The invisible lawyers: report highlights regime of hostility and discrimination for disabled
Legal professionals hide their disability when applying for jobs while firms are risk averse when hiring, according to a major UK study
Disabled people working in the legal profession face a culture and outmoded practices that hamper efforts to build successful careers, according to a new UK study. The report, Legally Disabled? The Career Experiences of disabled people working in the Legal profession, reveals that a cross-section of legal professionals say they hide their disability when applying for training places or jobs, and encounter hostility and discrimination in their jobs.
'Disabled people in the legal profession face - on a daily basis - rituals, practices and attitudes that exclude or undermine them in their roles as trainees, advocates and employees,' states the report, which was published this week by Cardiff Business School.
This includes when they seek ‘reasonable adjustments’ to their working environment or practice they are entitled to under the law. Some requests for - often inexpensive - adjustments were met with ignorance and resulted in ill-treatment or discrimination.
Inferior career prospects
More than half (54%) of disabled solicitors and paralegals involved in the study thought their career and promotion prospects inferior to their non-disabled colleagues. Some 40% either never or only sometimes tell their employer or prospective employer they are disabled while just 8.5% of respondents who were disabled when they started their training disclosed their disability in their application.
Some 60% of solicitors and paralegals said inaccessible working environments limited their career opportunities, while 85% reported pain and fatigue associated with their disability that could be made worse by inflexible working arrangements and long hours.
A significant proportion of disabled people in the profession have also experienced forms of disability related ill-treatment, bullying or discrimination, according to the report.
It adds: 'A poverty of imagination, bureaucracy, belligerent managers and outdated working practices prevent often minor adjustments that would make a huge difference for disabled people.'
Pay gap reporting
Its recommendations include a proposal that law should become the first profession to introduce disability pay gap reporting.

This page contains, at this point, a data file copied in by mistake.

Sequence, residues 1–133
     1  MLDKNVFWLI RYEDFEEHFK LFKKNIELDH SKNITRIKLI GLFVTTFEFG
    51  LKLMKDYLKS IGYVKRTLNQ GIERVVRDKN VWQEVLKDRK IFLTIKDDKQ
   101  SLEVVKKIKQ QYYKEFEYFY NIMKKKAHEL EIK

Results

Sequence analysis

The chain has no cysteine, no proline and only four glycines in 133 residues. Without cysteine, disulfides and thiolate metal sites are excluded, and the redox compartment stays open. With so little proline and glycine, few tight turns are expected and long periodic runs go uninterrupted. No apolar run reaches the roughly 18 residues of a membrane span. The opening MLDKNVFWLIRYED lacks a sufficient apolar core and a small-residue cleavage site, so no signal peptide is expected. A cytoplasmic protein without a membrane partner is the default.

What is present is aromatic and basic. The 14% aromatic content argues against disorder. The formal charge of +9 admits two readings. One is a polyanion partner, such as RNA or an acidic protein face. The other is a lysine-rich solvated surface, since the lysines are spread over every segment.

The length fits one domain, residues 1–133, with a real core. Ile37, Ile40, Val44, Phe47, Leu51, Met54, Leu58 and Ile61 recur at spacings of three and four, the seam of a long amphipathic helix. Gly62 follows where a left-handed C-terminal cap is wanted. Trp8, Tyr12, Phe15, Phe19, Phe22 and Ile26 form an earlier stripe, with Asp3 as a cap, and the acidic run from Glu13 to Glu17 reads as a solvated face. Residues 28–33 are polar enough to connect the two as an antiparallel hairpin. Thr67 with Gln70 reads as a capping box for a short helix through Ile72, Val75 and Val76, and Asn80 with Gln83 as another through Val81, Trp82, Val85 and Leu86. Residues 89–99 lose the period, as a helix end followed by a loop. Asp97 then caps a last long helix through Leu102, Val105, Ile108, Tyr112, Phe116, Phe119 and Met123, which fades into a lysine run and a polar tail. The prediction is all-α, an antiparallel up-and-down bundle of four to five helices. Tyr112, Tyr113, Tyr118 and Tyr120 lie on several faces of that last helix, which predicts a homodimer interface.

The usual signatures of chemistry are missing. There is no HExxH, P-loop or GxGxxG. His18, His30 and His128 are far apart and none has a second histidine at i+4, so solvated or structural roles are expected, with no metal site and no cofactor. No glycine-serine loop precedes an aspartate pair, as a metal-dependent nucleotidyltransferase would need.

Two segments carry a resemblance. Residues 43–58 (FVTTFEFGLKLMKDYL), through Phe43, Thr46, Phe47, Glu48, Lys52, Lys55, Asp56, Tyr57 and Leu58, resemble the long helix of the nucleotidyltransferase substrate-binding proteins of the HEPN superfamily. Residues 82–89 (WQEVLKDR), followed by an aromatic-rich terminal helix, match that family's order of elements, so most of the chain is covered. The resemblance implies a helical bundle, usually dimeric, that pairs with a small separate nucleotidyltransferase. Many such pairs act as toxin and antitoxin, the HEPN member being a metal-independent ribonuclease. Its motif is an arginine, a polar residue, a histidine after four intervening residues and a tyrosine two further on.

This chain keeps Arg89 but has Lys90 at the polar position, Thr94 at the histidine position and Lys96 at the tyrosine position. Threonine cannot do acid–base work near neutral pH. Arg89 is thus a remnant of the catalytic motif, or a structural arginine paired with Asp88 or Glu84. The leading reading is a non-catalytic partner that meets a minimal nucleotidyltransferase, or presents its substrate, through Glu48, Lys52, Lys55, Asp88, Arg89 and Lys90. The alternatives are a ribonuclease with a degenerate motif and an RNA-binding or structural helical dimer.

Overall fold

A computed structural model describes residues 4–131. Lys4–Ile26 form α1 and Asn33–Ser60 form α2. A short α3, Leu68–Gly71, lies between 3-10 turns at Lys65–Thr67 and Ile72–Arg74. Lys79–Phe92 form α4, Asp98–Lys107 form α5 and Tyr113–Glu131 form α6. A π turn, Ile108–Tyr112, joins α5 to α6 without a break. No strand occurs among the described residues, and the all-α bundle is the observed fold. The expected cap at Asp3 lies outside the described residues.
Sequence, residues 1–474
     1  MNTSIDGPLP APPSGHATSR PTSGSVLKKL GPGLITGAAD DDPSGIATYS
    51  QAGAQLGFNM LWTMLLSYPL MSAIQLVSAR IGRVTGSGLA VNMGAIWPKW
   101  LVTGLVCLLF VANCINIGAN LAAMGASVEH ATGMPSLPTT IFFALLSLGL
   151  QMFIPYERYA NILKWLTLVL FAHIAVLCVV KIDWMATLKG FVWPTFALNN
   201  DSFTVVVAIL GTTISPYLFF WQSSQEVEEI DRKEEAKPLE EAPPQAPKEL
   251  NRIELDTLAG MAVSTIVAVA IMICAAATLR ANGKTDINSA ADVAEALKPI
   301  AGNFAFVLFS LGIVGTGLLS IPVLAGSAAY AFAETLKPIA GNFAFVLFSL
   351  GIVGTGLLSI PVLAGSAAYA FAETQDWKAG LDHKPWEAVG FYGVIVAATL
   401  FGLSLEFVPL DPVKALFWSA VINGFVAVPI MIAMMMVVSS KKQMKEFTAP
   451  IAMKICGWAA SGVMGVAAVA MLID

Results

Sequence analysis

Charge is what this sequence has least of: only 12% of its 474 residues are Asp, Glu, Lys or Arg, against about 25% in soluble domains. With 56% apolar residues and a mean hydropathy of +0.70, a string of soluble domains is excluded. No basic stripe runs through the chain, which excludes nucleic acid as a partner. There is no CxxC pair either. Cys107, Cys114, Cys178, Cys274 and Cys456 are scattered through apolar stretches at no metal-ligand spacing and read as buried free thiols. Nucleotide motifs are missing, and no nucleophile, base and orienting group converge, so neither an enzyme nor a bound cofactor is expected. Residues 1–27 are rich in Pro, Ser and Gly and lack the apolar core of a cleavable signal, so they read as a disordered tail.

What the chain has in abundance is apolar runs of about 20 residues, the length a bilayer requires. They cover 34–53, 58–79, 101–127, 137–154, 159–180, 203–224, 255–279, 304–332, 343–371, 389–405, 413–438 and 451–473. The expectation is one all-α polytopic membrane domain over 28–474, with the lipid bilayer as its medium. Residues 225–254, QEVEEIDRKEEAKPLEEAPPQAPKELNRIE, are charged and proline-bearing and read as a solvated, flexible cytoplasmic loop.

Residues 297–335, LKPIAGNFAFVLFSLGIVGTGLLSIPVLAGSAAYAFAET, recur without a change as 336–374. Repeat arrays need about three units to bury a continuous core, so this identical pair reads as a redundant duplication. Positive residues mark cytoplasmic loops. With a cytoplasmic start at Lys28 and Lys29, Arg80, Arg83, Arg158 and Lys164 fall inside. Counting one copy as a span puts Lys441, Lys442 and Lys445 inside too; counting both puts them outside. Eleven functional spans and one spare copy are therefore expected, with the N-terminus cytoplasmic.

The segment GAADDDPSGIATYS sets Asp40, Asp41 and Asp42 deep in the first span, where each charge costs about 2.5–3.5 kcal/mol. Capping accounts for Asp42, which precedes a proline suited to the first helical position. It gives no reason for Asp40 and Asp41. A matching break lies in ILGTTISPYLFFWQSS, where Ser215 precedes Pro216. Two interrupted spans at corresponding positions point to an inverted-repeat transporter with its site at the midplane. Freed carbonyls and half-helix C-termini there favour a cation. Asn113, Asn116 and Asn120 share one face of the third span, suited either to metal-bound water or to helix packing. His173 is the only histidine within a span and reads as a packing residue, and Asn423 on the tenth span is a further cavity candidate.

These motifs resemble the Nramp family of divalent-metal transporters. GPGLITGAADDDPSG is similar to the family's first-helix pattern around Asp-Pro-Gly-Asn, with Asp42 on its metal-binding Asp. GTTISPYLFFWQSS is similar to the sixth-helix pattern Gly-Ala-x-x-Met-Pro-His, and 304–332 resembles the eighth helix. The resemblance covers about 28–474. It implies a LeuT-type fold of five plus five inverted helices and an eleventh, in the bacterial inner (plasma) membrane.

The report's lead researcher, Debbie Foster, professor of employment relations and diversity at Cardiff Business School, highlighted the impact that line managers and supervisors can have on the working lives of disabled people in the profession.
“Line managers and supervisors play a pivotal role in the reasonable adjustment process and in the management of sickness absence, performance management and promotion,” she said.
However, she added that in practice improvements “often depended on ‘good will’, ‘luck’ or personality rather than a good understanding and professional training.”
The report's research team worked with the Lawyers with Disabilities Division of the Law Society and drew on focus groups, interviews and surveys of solicitors, barristers, trainees and paralegals. The research was commissioned by DRILL (Disability Research on Independent Living and Learning), a £5m research programme led by disabled people.
Project researcher Dr Natasha Hirst, an independent photojournalist and researcher, said: “Often exclusion or discrimination in the legal workplace is not intentional but comes from behavioural codes, rituals and assumptions that date back to when few disabled people were working in the profession.”
The report says that 'a generous interpretation' of the findings suggests employers and recruitment agencies are 'risk averse' in the hiring process.
Sue Bott from DRILL added: “That is clearly an unsatisfactory situation in 2020 – nearly a quarter of a century after the Disability Discrimination Act first guaranteed the right to reasonable adjustments in the workplace.”
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